Interweaving her own experiences, historical analogies and powerful examples from contemporary Muslim societies and cultures, Heretic is not a call to arms, but a passionate plea for peaceful change and a new era of global toleration. In the wake of the Charlie Hebdo murders, with jihadists killing thousands from Nigeria to Syria to Pakistan, this book offers an answer to what is fast becoming the world’s number one problem.
In 1997, young Richard Engel, working freelance for Arab news sources, got a call that a busload of Italian tourists was massacred at a Cairo museum. This is his first view of the carnage these years would pile on. Over two decades he has been under fire, blown out of hotel beds, and taken hostage. He has watched Mubarak and Morsi in Egypt arrested and condemned, reported from Jerusalem, been through the Lebanese war, covered the shooting match in Iraq and the Libyan rebels who toppled Gaddafi, reported from Syria as Al-Qaeda stepped in, and was kidnapped in the Syrian cross currents of fighting. Engel takes the reader into Afghanistan with the Taliban and to Iraq with ISIS. In the page-turning And Then All Hell Broke Loose, he shares his “quick-paced...thrilling adventure story” (Associated Press).
Engel takes chances, though not reckless ones, keeps a level head and a sense of humor, as well as a grasp of history in the making. Reporting as NBC’s Chief-Foreign Correspondent, he reveals his unparalleled access to the major figures, the gritty soldiers, and the helpless victims in the Middle East during this watershed time. His vivid story is “a nerve-racking...and informative portrait of a troubled region” (Kansas City Star) that shows the splintering of the nation states previously cobbled together by the victors of World War I. “Engel’s harrowing adventures make for gripping reading” (The New York Times) and his unforgettable view of the suffering and despair of the local populations offers a succinct and authoritative account of our ever-changing world.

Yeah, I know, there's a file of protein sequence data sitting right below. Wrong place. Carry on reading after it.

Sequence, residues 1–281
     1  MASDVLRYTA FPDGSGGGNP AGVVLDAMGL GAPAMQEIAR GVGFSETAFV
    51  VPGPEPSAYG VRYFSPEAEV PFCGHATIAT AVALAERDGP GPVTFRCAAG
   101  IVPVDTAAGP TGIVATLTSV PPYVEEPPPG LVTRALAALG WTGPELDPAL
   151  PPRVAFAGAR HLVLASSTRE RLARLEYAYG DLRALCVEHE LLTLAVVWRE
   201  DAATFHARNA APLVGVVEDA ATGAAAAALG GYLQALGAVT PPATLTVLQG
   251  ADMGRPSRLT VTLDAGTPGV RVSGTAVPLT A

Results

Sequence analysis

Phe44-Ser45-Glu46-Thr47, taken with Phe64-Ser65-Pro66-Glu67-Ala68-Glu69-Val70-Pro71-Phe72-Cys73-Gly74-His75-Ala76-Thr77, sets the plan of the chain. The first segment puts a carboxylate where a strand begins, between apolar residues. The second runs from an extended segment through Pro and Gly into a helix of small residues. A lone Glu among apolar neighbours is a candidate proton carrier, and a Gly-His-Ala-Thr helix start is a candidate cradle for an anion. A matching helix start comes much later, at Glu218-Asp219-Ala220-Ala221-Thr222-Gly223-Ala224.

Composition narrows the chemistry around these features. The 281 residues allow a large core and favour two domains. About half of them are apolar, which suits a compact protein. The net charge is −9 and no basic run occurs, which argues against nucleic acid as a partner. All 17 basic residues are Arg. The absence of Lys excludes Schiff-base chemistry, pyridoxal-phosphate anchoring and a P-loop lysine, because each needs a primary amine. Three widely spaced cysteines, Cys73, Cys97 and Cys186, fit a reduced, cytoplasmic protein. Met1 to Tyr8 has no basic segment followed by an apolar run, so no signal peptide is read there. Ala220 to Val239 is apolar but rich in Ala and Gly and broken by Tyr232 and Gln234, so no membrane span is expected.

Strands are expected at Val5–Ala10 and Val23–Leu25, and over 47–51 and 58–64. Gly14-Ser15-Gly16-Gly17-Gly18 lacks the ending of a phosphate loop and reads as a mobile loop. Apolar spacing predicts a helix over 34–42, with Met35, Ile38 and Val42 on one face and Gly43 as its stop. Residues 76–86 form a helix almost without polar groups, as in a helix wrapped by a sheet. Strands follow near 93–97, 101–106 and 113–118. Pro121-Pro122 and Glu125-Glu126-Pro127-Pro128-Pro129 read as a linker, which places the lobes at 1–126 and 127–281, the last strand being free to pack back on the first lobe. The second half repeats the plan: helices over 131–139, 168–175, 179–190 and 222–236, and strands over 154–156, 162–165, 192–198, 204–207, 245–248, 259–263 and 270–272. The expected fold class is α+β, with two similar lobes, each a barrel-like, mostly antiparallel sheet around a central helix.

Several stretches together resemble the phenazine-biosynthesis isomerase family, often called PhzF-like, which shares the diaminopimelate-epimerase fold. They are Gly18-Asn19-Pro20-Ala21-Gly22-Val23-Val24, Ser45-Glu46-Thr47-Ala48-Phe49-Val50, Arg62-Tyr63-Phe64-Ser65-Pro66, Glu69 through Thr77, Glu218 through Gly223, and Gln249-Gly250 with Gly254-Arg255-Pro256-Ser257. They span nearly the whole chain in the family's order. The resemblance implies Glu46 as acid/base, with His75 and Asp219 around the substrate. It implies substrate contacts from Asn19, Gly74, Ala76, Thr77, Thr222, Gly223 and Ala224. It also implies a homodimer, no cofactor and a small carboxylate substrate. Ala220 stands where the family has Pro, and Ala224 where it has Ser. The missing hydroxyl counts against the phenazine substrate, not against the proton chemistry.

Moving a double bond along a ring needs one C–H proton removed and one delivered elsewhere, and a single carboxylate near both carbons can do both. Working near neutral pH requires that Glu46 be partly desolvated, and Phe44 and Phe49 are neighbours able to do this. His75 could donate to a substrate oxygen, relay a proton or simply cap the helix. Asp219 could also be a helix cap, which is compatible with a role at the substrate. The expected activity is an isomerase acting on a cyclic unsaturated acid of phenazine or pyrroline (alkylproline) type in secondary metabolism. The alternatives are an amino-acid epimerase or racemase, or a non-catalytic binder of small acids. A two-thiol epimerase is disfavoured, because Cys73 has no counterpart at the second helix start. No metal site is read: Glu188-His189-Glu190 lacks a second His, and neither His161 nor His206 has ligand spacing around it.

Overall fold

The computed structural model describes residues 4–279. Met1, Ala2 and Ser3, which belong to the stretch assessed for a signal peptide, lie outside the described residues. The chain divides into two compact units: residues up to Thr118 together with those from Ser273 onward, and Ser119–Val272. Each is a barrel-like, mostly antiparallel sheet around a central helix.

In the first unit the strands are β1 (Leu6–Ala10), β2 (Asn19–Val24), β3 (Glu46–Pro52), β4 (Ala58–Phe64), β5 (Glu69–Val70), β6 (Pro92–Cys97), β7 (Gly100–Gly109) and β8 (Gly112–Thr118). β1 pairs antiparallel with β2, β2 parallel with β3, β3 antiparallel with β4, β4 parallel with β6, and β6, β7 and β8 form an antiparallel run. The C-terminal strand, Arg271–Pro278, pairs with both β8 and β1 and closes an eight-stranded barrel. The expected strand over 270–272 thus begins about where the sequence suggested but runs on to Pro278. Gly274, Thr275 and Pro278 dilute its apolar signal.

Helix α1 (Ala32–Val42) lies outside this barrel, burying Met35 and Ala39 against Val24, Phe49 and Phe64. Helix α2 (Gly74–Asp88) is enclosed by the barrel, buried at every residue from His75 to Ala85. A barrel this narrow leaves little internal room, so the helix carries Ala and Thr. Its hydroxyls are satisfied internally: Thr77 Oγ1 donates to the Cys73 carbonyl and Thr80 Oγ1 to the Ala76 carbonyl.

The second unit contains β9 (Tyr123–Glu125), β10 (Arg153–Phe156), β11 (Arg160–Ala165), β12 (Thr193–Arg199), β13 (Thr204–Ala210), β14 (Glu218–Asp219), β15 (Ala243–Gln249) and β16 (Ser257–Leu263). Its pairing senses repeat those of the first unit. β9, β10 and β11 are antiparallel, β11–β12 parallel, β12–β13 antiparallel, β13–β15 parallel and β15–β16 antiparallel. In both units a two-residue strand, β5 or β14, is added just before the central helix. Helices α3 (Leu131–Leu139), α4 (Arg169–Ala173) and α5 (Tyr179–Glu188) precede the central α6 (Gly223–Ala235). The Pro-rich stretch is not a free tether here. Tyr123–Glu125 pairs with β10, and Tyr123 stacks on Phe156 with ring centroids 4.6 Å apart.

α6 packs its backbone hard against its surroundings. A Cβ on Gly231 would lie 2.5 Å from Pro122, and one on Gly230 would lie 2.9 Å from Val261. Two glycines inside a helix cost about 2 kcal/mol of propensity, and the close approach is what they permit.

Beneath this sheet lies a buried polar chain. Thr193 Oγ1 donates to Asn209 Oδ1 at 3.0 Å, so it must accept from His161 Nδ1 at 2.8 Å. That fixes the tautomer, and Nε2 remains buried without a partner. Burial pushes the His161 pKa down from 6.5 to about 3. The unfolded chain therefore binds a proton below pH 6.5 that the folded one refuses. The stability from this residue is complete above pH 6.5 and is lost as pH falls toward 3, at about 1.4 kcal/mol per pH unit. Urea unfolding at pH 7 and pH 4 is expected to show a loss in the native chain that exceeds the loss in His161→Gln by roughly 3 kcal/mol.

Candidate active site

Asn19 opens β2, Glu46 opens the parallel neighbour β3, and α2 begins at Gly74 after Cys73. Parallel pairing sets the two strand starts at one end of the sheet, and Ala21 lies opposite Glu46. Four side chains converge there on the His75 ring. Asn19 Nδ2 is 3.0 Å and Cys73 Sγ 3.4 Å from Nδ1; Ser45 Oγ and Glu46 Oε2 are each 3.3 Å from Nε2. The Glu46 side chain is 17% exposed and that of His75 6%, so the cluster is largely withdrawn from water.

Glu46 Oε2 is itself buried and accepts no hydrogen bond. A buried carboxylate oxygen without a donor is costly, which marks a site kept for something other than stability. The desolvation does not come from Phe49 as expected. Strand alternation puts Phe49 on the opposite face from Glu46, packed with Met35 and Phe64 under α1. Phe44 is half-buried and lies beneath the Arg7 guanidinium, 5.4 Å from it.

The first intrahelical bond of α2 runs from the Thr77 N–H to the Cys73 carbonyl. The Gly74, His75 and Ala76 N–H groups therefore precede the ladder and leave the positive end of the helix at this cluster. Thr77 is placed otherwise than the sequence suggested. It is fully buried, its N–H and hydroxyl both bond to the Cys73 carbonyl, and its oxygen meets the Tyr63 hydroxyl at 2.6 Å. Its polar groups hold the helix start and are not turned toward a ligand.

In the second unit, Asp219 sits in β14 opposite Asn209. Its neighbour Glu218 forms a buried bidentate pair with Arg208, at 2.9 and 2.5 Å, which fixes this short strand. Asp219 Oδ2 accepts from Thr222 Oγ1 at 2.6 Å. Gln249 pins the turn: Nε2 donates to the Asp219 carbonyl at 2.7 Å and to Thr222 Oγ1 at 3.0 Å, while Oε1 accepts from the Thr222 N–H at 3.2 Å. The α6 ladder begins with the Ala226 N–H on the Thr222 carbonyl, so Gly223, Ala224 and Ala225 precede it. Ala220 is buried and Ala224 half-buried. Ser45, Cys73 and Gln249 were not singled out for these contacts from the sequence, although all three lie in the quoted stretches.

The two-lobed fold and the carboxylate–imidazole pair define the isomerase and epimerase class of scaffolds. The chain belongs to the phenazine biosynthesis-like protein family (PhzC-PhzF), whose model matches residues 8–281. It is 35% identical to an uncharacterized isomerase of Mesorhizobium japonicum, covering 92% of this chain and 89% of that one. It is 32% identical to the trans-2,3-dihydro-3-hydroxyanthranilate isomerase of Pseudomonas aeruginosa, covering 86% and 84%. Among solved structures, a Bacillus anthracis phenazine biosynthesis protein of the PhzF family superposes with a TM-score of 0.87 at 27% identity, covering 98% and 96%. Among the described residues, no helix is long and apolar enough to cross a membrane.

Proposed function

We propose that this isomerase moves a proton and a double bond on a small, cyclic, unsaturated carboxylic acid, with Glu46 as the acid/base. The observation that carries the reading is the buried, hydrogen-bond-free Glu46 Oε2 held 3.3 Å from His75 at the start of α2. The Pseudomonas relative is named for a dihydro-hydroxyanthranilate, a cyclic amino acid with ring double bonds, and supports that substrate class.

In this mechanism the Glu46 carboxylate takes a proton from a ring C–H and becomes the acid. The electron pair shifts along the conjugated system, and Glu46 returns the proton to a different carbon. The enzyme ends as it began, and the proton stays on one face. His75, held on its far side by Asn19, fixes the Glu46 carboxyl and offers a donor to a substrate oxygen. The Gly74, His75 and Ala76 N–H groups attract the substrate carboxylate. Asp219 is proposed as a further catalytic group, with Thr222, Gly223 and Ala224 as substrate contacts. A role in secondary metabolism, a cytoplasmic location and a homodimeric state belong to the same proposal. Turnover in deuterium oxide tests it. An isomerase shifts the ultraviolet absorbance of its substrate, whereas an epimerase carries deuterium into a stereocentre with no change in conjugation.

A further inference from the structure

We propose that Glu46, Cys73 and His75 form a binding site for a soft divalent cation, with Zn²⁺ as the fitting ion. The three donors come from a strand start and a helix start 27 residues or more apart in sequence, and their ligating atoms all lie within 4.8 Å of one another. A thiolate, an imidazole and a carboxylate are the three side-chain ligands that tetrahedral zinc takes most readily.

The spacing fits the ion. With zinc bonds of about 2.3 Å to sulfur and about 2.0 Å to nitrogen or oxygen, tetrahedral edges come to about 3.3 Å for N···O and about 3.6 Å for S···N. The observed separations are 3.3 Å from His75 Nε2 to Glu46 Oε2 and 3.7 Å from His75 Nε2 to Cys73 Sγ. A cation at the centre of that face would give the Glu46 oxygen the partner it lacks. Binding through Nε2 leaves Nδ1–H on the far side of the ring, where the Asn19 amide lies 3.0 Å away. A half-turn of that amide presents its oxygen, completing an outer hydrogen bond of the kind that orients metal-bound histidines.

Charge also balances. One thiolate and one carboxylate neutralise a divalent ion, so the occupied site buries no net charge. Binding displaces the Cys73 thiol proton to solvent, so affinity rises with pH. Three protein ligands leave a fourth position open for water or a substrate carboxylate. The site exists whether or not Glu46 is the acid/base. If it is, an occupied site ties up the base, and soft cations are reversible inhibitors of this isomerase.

In this enlightening book, Sam Harris argues that this truth about the human mind does not undermine morality or diminish the importance of social and political freedom, but it can and should change the way we think about some of the most important questions in life.
In 1967, Bashir Al-Khayri, a Palestinian twenty-five-year-old, journeyed to Israel, with the goal of seeing the beloved old stone house, with the lemon tree behind it, that he and his family had fled nineteen years earlier. To his surprise, when he found the house he was greeted by Dalia Ashkenazi Landau, a nineteen-year-old Israeli college student, whose family fled Europe for Israel following the Holocaust. On the stoop of their shared home, Dalia and Bashir began a rare friendship, forged in the aftermath of war and tested over the next thirty-five years in ways that neither could imagine on that summer day in 1967. Based on extensive research, and springing from his enormously resonant documentary that aired on NPR's Fresh Air in 1998, Sandy Tolan brings the Israeli-Palestinian conflict down to its most human level, suggesting that even amid the bleakest political realities there exist stories of hope and reconciliation.